She’s pulling the strings!
A Hunter Theatre professor whose mission it is to strengthen the underexplored field of puppetry scholarship in America has started an online publication.
Claudia Orenstein launched the open access, scholarly journal devoted to puppetry, masks, and related arts, Puppetry International Research, in November. The journal, a project of UNIMA-USA, the American chapter of the international puppetry organization UNIMA, is hosted on the CUNY Academic Commons.
“The journal will be a forum for the growing group of scholars who recognize the importance of this ancient and contemporary, but oft-neglected art,” Orenstein said. “It has been my privilege to mentor and support scholars working in this area; now there will be a platform for showcasing this research.”
The journal is only the latest project of Orenstein, the author or co-editor of several well-regarded volumes on puppetry. Last summer she published a monograph, Reading the Puppet Stage: Reflections on the Dramaturgy of Performing Objects, and the first volume of a two-volume compendium of essays, Puppet and Spirit: Ritual, Religion, and Performing Objects, co-edited with Hunter colleague (and MA graduate) Tim Cusack. Both publications will be featured in Book Talks at the Chicago International Puppetry Festival in January.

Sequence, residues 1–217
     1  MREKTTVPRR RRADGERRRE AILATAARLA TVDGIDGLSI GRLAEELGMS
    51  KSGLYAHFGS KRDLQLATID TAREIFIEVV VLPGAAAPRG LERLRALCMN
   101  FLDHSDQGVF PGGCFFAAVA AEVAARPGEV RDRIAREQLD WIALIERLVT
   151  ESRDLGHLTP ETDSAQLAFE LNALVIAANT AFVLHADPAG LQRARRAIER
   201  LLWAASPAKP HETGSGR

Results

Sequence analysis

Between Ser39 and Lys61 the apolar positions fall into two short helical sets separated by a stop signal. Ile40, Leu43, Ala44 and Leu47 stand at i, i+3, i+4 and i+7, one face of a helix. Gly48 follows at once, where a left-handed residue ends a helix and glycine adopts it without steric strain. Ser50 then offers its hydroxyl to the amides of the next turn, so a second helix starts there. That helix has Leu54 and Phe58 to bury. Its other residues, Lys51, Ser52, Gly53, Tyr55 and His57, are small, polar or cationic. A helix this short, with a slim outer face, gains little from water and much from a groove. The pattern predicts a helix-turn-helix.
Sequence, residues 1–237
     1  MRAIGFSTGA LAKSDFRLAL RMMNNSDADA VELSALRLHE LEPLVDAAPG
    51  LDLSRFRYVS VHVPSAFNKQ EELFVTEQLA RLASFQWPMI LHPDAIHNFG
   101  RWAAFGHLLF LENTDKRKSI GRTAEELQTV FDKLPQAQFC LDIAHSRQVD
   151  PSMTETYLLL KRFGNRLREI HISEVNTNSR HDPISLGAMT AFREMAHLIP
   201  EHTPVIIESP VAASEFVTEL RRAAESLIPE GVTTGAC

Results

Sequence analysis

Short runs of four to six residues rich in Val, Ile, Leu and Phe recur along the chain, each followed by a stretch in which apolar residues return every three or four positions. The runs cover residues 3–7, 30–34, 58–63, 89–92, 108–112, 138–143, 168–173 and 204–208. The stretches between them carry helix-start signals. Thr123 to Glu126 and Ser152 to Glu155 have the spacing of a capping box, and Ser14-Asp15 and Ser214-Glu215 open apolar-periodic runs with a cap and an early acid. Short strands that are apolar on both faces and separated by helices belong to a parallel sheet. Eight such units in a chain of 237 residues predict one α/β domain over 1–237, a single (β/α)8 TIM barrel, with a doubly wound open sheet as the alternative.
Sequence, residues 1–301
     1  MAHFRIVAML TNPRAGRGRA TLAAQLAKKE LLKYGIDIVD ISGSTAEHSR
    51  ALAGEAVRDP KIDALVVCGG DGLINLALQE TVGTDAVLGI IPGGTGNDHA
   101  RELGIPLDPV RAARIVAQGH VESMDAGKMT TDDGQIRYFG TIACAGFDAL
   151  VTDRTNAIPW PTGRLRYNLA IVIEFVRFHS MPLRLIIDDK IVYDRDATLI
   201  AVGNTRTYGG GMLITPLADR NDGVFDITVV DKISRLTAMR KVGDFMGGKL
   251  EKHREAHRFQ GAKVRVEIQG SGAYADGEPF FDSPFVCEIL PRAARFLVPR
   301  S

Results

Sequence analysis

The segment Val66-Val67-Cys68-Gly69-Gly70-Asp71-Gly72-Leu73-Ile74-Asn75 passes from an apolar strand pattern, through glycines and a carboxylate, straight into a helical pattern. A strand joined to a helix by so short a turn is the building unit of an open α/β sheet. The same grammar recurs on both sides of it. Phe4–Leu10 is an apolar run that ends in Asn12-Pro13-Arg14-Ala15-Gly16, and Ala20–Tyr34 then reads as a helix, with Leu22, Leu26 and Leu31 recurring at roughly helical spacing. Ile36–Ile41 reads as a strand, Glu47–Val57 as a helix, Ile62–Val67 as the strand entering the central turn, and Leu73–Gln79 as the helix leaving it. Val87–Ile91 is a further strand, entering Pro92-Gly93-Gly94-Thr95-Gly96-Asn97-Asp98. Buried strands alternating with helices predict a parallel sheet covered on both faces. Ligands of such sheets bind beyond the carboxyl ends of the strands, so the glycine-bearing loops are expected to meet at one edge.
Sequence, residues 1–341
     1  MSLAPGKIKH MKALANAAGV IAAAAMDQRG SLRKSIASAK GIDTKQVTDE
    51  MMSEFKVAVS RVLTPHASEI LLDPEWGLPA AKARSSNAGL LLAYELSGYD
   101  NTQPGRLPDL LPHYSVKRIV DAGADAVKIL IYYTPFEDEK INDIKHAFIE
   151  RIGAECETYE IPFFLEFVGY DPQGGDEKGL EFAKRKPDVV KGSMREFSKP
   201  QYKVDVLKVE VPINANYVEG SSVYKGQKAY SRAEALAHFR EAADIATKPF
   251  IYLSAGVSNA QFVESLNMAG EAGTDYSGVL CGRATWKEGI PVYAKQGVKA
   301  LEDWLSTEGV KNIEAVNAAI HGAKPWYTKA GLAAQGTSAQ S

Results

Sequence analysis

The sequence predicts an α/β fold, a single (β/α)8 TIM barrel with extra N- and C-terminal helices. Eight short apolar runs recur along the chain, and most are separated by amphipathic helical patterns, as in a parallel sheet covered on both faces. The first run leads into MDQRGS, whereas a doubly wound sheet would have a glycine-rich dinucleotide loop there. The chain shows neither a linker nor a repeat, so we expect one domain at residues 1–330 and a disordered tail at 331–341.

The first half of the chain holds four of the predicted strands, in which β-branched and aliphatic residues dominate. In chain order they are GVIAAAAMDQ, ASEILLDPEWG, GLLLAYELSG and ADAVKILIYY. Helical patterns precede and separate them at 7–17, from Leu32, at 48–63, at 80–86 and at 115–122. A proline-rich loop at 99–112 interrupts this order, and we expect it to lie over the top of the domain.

Orenstein, whose scholarship has brought her to India, South Africa, France, Spain, and Vietnam, spent 2021-22 in Japan exploring traditional ritual puppets as a Fulbright Research Fellow. Her project was recently featured in Fulbright Japan’s My Fulbright Story series. Based at Tokyo’s Sophia University, Orenstein traveled across Japan to investigate traditions as far south as Oita Prefecture up through Aomori in the north.
In Japan, puppets and related figures have long been part of Shinto rituals to comfort the souls of the dead; remove illness, pests, and spiritual pollution, and usher in blessings for the new year. Some puppet rituals Orenstein researched originated 500, 800, and even 1,200 years ago — and are still practiced today.
Orenstein’s work has helped to cultivate puppetry scholarship and practice among students and colleagues in Hunter’s Theatre Department. For example, Puppet and Spirit includes essays by her Theatre Department colleague Deepsikha Chatterjee and by Theatre MA alumnus Joseph Maybloom. The second volume, whose publication is expected soon, contains an essay by another Theatre MA alumnus, Ana Martinez, and one from a former Hunter graduate teaching fellow, Heather Jeanne Denyer, who also has an interview in volume 1.
“It’s an exciting time for scholarship and productions in puppetry,” Orenstein said. “There is a vibrant puppetry community, and it’s growing.”